Climate change: What's it like living in a place where it's 50C?
The climate crisis is no longer a future concern. In many parts of the world, it has already begun.
Millions of people are living with extreme temperatures, facing a growing threat of flooding or wildfires. Here, five people explain how extreme temperatures have changed their lives.
Patrick Michell, chief of the Kanaka Bar First Nation, first began noticing worrying changes in the forest near his reserve in British Columbia, Canada, more than three decades ago. There was less water in the rivers, and mushrooms had stopped growing.
This summer his fears came true. A heatwave was sweeping across North America. On June 29, his home town of Lytton smashed records, reaching 49.6C. The next day, his wife sent him a photo of a thermometer reading 53C. An hour later, his town was on fire.
His daughter, Serena, eight months pregnant, scrambled to pack her children and pets into the car: "We left with the clothes on our backs. The flames were three storeys high and right beside us."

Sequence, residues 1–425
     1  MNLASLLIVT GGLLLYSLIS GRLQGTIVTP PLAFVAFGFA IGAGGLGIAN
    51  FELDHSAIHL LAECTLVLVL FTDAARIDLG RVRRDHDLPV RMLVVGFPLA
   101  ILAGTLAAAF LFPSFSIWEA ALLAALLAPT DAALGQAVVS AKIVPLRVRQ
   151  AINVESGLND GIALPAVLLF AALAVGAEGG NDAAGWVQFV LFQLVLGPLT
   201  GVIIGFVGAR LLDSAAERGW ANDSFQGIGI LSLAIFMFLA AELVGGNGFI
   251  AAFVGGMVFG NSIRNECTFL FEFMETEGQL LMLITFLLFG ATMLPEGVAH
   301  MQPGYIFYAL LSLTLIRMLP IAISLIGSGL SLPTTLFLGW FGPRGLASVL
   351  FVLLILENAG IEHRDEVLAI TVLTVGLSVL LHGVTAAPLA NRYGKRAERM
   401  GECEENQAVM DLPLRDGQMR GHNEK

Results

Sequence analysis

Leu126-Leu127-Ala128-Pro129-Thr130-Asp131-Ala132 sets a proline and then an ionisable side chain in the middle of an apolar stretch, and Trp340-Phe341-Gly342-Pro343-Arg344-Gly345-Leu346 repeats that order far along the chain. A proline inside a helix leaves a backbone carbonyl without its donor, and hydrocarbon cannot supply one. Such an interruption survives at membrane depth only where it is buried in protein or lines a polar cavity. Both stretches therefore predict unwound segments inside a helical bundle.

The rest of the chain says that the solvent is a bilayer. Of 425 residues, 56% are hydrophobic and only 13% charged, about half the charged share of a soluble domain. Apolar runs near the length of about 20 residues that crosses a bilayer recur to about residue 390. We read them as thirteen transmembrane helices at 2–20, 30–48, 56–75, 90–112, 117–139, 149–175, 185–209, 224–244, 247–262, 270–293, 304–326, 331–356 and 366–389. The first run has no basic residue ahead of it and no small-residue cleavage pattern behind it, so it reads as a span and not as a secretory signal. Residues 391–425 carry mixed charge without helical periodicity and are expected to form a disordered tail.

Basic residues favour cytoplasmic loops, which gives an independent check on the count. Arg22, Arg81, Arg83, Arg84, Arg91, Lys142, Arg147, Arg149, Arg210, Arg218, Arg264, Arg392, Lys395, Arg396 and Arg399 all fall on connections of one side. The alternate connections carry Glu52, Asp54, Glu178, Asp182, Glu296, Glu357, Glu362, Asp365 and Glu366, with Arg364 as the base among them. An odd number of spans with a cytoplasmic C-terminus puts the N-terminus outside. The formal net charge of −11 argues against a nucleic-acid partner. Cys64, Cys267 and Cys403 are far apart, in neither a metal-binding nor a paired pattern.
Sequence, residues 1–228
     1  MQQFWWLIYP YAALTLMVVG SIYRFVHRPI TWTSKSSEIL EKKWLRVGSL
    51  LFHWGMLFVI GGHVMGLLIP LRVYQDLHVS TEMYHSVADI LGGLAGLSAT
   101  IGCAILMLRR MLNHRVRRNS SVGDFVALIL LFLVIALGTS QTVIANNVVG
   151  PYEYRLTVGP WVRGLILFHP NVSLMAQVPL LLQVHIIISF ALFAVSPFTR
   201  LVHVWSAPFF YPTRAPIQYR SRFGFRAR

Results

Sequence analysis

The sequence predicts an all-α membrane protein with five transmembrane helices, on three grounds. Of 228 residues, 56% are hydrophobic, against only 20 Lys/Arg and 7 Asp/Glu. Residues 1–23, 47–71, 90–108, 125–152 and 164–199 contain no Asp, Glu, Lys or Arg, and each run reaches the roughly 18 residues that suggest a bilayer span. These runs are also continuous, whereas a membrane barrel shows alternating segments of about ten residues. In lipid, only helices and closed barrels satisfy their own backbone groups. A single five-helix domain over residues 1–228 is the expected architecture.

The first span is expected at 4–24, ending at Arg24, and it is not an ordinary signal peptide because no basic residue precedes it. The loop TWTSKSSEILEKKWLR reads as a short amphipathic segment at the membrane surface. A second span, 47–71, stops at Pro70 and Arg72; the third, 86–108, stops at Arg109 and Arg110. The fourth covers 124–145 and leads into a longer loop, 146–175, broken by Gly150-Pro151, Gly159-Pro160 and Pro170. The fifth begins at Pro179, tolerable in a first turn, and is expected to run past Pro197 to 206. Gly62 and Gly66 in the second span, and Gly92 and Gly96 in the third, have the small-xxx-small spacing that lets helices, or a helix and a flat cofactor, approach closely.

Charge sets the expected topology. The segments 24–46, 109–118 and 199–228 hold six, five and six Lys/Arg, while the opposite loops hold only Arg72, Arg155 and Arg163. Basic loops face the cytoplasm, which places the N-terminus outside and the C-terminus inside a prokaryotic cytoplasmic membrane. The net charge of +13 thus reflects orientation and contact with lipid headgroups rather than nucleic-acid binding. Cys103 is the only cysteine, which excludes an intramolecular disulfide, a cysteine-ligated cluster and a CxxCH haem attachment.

Patrick raced back to see if he could save the house. He'd grown up dealing with wildfires. But like the climate, the fires had changed too. "These aren't wildfires anymore, they're infernos," he says. "How do you put an inferno out?"
Despite the family's circumstances, Patrick sees what's happened as an opportunity: "We can rebuild Lytton for the environment that's coming in the next 100 years. It's daunting, but in my heart there's that optimism."